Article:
The coelacanth Latimeria chalumnae
The museum is fortunate to have in its collections a full size replica of what is arguably the most famous fish in the world, the coelacanth Latimeria chalumnae. The cast was made by Stephen Caine from a recently dead specimen.
Cast of a coelacanth.
Photograph: Martyn L Gorman
The class Osteichthyes (bony fish) is divided into two subclasses: ray-finned (Actinopterygii) and lobe-finned (Sarcopterygii). There are only four living genera of lobe-finned fish, but the group is known from fossils that date back to the very beginning of the class, 400 million years ago in the Devonian period.
The paired fins of the lobe-finned fish are thought to have given rise to the limbs of the land living animals. The living lobe-finned fish include 3 genera of lung-fish, one of each in Australia, Africa and South America. The remaining genus contains just two living species, the coelacanths. Only discovered in 1938, coelacanths represent a group of fishes that had been thought to have been extinct for at least 70 million years.
The original coelacanth was caught a few days before Christmas in 1938, at the mouth of the Chalumna River on the east coast of South Africa. The fish was caught in a shark gill net by Captain Goosen and his crew, who had no idea of the significance of their find. They thought the fish was bizarre enough to alert the local museum in the small South African town of East London.
The Director of the East London Museum at the time was Miss Marjorie Courtney-Latimer. She alerted the prominent south African ichthyologist Dr J.L.B. Smith to this amazing discovery. The Coelacanth was eventually named (scientific name: Latimeria chalumnae) in honour of Miss Courtney-Latimer.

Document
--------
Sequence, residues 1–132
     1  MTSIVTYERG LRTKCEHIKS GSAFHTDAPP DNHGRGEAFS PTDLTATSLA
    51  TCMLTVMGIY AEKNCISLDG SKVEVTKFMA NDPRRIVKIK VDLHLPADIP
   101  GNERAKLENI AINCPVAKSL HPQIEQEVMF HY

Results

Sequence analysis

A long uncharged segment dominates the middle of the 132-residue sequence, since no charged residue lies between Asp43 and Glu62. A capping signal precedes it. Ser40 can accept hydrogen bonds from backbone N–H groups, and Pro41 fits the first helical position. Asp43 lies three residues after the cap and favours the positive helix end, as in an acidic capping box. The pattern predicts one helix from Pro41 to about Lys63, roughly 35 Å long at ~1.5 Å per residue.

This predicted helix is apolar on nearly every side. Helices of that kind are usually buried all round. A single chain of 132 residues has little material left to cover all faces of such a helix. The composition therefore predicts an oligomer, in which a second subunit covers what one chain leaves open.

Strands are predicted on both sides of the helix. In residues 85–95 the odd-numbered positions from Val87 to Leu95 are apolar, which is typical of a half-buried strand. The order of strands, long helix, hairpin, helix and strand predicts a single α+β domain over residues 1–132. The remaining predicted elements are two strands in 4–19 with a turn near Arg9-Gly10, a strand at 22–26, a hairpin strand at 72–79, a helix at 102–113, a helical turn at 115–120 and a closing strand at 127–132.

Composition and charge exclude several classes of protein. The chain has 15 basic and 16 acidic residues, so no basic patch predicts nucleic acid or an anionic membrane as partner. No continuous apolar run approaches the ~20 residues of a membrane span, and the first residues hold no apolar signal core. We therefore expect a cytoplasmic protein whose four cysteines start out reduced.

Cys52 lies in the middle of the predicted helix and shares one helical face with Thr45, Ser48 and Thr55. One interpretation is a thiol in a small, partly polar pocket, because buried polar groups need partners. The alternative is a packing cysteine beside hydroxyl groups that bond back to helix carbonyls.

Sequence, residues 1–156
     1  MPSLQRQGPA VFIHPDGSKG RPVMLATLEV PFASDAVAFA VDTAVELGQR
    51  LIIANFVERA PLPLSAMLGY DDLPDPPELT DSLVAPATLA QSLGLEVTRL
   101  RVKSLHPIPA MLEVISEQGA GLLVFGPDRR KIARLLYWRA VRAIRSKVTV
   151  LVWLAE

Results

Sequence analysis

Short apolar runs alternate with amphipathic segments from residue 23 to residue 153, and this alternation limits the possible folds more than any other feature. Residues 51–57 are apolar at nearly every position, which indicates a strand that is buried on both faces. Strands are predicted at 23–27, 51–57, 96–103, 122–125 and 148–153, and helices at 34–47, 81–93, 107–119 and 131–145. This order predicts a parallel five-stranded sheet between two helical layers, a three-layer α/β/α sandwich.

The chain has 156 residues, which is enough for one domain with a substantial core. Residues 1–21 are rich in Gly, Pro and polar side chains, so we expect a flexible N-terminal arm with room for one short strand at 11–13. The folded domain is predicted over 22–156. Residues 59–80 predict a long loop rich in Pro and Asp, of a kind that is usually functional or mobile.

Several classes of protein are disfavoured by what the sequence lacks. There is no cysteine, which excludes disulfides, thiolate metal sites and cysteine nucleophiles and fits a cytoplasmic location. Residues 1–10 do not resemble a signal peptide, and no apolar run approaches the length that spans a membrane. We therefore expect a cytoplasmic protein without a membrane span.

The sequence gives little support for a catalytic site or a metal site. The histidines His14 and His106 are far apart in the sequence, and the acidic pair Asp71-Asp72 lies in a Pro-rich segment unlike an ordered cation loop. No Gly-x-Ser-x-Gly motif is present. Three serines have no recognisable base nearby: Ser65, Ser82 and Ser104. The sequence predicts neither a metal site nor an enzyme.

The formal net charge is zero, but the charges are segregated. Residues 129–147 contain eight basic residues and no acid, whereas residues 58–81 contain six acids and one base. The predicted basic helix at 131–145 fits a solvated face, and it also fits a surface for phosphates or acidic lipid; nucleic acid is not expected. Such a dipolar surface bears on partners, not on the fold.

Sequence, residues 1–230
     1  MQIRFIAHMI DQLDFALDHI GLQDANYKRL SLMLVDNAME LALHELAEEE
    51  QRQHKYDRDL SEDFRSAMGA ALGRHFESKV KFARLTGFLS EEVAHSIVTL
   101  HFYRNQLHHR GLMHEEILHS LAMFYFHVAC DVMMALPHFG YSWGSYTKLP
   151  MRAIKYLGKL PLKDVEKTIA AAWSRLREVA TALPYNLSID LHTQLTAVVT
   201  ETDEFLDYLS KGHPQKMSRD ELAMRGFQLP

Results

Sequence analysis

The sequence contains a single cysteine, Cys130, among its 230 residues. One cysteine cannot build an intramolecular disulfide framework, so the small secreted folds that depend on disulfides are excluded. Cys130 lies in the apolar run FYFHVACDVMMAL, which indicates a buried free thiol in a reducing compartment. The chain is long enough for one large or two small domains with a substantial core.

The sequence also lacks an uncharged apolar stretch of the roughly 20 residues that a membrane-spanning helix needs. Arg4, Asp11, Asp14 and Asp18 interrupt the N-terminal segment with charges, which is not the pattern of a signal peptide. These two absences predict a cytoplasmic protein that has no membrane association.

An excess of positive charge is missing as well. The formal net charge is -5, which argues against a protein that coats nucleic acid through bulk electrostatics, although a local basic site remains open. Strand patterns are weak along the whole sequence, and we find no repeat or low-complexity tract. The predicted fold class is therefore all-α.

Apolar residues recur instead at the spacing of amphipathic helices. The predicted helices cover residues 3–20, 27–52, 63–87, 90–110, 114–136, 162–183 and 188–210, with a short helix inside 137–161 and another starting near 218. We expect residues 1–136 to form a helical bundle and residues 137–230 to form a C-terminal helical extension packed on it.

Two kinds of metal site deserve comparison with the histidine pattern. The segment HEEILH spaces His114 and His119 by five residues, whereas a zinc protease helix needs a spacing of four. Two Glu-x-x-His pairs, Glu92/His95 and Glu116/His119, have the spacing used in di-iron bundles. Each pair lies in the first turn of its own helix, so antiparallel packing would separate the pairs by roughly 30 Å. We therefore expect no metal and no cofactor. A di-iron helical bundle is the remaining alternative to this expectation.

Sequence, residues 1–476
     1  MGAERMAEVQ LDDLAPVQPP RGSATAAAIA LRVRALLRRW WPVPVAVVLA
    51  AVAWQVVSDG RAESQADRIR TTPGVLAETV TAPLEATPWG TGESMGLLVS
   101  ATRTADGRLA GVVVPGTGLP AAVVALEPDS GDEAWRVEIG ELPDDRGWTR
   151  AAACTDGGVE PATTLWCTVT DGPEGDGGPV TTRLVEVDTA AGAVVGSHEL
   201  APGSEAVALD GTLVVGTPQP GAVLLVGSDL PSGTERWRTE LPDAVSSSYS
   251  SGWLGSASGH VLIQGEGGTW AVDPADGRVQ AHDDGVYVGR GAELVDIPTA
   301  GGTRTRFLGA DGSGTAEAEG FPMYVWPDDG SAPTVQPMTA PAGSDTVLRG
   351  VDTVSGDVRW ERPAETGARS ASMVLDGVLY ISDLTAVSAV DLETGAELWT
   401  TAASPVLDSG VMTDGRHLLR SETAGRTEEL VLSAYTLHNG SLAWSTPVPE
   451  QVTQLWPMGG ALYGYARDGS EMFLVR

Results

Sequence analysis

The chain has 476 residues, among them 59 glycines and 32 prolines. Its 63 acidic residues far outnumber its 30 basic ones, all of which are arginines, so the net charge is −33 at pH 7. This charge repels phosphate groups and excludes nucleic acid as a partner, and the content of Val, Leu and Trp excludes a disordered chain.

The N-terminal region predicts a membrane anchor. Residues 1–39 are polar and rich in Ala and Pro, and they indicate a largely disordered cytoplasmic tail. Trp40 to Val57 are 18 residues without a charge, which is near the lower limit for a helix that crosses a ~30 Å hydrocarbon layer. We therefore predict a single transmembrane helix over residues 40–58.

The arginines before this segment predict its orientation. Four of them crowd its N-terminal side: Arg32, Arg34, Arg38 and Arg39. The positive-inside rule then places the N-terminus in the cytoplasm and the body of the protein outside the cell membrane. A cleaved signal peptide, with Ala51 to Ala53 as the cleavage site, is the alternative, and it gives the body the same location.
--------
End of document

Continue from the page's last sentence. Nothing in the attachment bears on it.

Marjorie Courtney-Latimer's quick sketch of the mystery fish
This coelacanth specimen led to the discovery of the first documented population, off the Comoros Islands, between Africa and Madagascar. For sixty years this was presumed to be the only Coelacanth population in existence.
Marjorie Courtney-Latimer in 2000, aged 93
Photograph: South African Sunday Times
The Sulawesi Coelacanth
On July 30 1998, a coelacanth was caught in a deep-water shark net by local fishers off the volcanic island of Manado Tua in northern Sulawesi, Indonesia. This is about 10 000 km east of the Western Indian Ocean Coelacanth population. The fisher brought the fish to the house of American biologist Mark Erdmann who along with his wife Arnaz had seen a specimen in the outdoor markets the previous September. The local people were familiar with the coelacanth and called it raja laut or 'king of the sea'.
When the coelacanth from Sulawesi was first documented, the only obvious difference between it and the Coelacanth from the Comoros Islands was the colour. The Comoros Coelacanth is renowned for its steel blue colour, whereas fish from the Sulawesi population were reported to be brown. In 1999 the Sulawesi Coelacanth was described as a new species, Latimeria menadoensis by Pouyaud, Wirjoatmodjo, Rachmatika, Tjakrawidjaja, Hadiaty and Hadie.
The discovery of a new species of coelacanth in Sulawesi, opens up the possibility that coelacanths may be more widespread and abundant than was previously assumed.